As Mother Nature continues to drop the temperature in Edmonton, the Bears and Pandas are retreating indoors, and the action in the Saville Centre is set to heat up.
Both U of A basketball teams hit the hardcourt to open their regular season against the visiting Brandon University Bobcats. For the Pandas, Friday night represents the first step in improving on a disappointing end to a great season last year, while the Bears will start the long climb back up the mountain to the pinnacle of CIS basketball after a silver medal finish.
“We had a difficult end to last season,” veteran Pandas head coach Scott Edwards said. “I think until mid-January we were ranked in the top five in the country and feeling really good about ourselves, and then we just didn’t play very well at the end of the year. So the biggest thing for us is learning from that experience, understanding what it felt like to not make it as far as we wanted to last season.”
As for the Bears, despite losing star fifth-year point guard Daniel Ferguson, building upon their success from last season is an attainable goal, according to assistant coach Jon Verhesen. He stresses that the Bears have the pieces in place to meet their high expectations.
“When you lose someone as special as Daniel Ferguson, it’s definitely tough to replace that. And not just his numbers, but his leadership role,” Verhesen said. “He was a fifth-year guy, guys looked to him. But the nice part about our crew is we have a good core group that have grown together. They’ve gone through the .500 season and seen the growth.”
Both teams will still have a number of experienced players when they hit the floor this weekend. Edwards is excited to see how his senior Pandas will perform this season now that they’re nearing the end of their CIS careers.
“It’s always fun watching fifth-years. They kind of get to the end of their career and they realize this is it and they put that little bit extra into it — and there’s just the maturity that you have of another year,” said Edwards. “I’m really looking at fifth-year Anneka Bakker and Katie Arbuthnot to lead the way. Those two kids are going to be important to us, and they know the ups and downs of CanWest. They’ve played a national semi-final once in their career and they know what it’s all about.”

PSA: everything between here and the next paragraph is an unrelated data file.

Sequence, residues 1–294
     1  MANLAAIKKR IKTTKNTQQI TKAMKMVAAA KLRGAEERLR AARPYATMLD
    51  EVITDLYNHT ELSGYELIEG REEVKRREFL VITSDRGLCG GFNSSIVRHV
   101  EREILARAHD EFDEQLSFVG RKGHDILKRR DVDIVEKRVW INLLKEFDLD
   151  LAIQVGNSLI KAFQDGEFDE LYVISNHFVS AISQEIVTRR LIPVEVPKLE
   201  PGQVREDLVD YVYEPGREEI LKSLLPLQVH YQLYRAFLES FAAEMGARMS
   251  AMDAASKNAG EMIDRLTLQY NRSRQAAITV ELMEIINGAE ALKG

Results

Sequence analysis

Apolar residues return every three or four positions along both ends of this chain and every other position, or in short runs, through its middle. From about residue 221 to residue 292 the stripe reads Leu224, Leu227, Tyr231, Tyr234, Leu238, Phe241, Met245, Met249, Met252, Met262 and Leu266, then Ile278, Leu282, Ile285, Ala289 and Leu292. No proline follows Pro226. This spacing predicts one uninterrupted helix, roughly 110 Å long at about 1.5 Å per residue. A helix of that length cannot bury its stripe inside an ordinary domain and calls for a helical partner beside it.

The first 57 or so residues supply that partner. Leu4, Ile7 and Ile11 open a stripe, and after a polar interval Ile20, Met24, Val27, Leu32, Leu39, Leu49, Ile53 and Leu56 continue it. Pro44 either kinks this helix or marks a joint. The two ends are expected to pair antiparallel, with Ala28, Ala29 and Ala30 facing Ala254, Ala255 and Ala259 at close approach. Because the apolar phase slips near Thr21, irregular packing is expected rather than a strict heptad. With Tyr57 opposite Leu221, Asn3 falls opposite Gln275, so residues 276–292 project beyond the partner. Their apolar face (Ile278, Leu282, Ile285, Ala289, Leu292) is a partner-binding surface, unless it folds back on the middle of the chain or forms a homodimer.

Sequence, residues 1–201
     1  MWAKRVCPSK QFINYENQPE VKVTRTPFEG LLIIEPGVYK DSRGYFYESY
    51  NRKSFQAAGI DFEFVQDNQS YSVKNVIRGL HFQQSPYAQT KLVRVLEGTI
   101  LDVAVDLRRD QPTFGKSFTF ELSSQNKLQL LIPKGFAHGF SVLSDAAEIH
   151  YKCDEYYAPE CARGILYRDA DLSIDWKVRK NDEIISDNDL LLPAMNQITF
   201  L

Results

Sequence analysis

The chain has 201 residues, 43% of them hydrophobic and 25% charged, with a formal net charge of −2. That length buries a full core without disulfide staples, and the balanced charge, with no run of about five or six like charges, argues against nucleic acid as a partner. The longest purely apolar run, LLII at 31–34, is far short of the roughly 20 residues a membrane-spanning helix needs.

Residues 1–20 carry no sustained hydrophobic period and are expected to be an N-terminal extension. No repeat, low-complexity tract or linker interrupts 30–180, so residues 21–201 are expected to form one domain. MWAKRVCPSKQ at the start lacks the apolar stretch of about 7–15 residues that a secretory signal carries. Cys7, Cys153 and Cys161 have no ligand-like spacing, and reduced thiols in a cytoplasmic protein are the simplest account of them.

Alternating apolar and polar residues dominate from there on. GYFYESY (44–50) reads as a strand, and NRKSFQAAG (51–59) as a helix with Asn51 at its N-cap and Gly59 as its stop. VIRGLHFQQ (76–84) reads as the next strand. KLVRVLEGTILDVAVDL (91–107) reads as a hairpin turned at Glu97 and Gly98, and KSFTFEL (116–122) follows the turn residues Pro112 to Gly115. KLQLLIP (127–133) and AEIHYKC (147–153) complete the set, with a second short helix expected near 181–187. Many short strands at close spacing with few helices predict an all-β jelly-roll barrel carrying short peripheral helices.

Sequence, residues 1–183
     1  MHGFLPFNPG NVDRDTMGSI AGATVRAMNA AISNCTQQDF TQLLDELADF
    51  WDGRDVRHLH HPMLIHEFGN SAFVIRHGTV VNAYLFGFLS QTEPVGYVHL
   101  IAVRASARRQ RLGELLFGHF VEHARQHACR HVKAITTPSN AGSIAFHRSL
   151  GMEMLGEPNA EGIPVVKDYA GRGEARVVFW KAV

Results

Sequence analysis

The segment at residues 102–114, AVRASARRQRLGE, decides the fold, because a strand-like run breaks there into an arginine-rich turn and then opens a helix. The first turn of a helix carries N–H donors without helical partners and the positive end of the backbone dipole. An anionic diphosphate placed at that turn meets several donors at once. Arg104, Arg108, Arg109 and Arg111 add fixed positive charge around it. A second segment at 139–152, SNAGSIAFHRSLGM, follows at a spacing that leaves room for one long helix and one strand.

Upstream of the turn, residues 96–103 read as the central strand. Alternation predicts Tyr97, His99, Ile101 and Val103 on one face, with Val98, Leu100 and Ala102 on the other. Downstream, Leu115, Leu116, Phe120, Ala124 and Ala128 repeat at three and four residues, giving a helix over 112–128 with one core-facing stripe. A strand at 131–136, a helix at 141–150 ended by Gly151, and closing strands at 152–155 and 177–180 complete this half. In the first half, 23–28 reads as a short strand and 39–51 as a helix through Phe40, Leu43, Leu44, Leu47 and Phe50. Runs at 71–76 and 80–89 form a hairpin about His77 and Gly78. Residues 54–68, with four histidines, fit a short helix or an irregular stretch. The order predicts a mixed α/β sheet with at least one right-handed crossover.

Edwards also added that third-year guard Saskia VanGinhoven will be relied upon to provide a lot of scoring for the team. The Bears, on the other hand, have reigning CIS first team all-Canadian Jordan Baker who tried out with the senior men’s national team in Toronto this summer.
“He’s huge. He’s one of our leaders, our go-to guy,” Verhesen said. “The whole country knows about him; all gameplans are geared around him. He’s a smart player, he’s a heady player and he has the ability not only to score but to get teammates involved. He rebounds the ball — one of the best in the country at it. He’s definitely a big part of our success.”
Along with their veterans, both teams have new additions from the college and high school ranks. The Pandas have added high school ballers Maddie Rogers and Kendall Lydon as well as Grant Mac transfer Jessilyn Fairbanks, all three of whom are Alberta natives, to their roster.
Meanwhile, the Bears are bringing in college transfers Noble Crowfoot from Lethbridge Community College and Youssef Ouahrig from Champlain College in Montreal. The latter, whom Verhesen described as “a potential all-Canadian,” is expected to make an impact right away at the point guard position. He’ll be serving as the team’s new starter while other new recruits Lyndon Annetts and Tommy Watson will help give the team depth down the stretch.
The Bears also added CanWest all-star guard Joel Friesen and his head coach at Fraser Valley, Barnaby Craddock, replacing former head coach Greg Francis. The two former Cascades helped lead UFV to a surprise run at the CIS final eight last spring.
“You bring in a Canada West all-star like (Friesen) in every practice, guys have to compete against that. He’s one of the best players in the country. And now that we have the ability to practice with him, he’s making all our young guys better and making our older guys better,” Verhesen said.
“(Craddock’s) a little different from (Francis). I think we were all a little shocked when (Francis) left, but guys have banded together. (Craddock’s) come in here and done a great job. Guys are starting to buy in. Everything’s new, so we’re going through those learning phases of adapting to a new coach.
“But guys are starting to understand, starting to get on the same page, and things are starting to slowly get their way working in the right direction again.”
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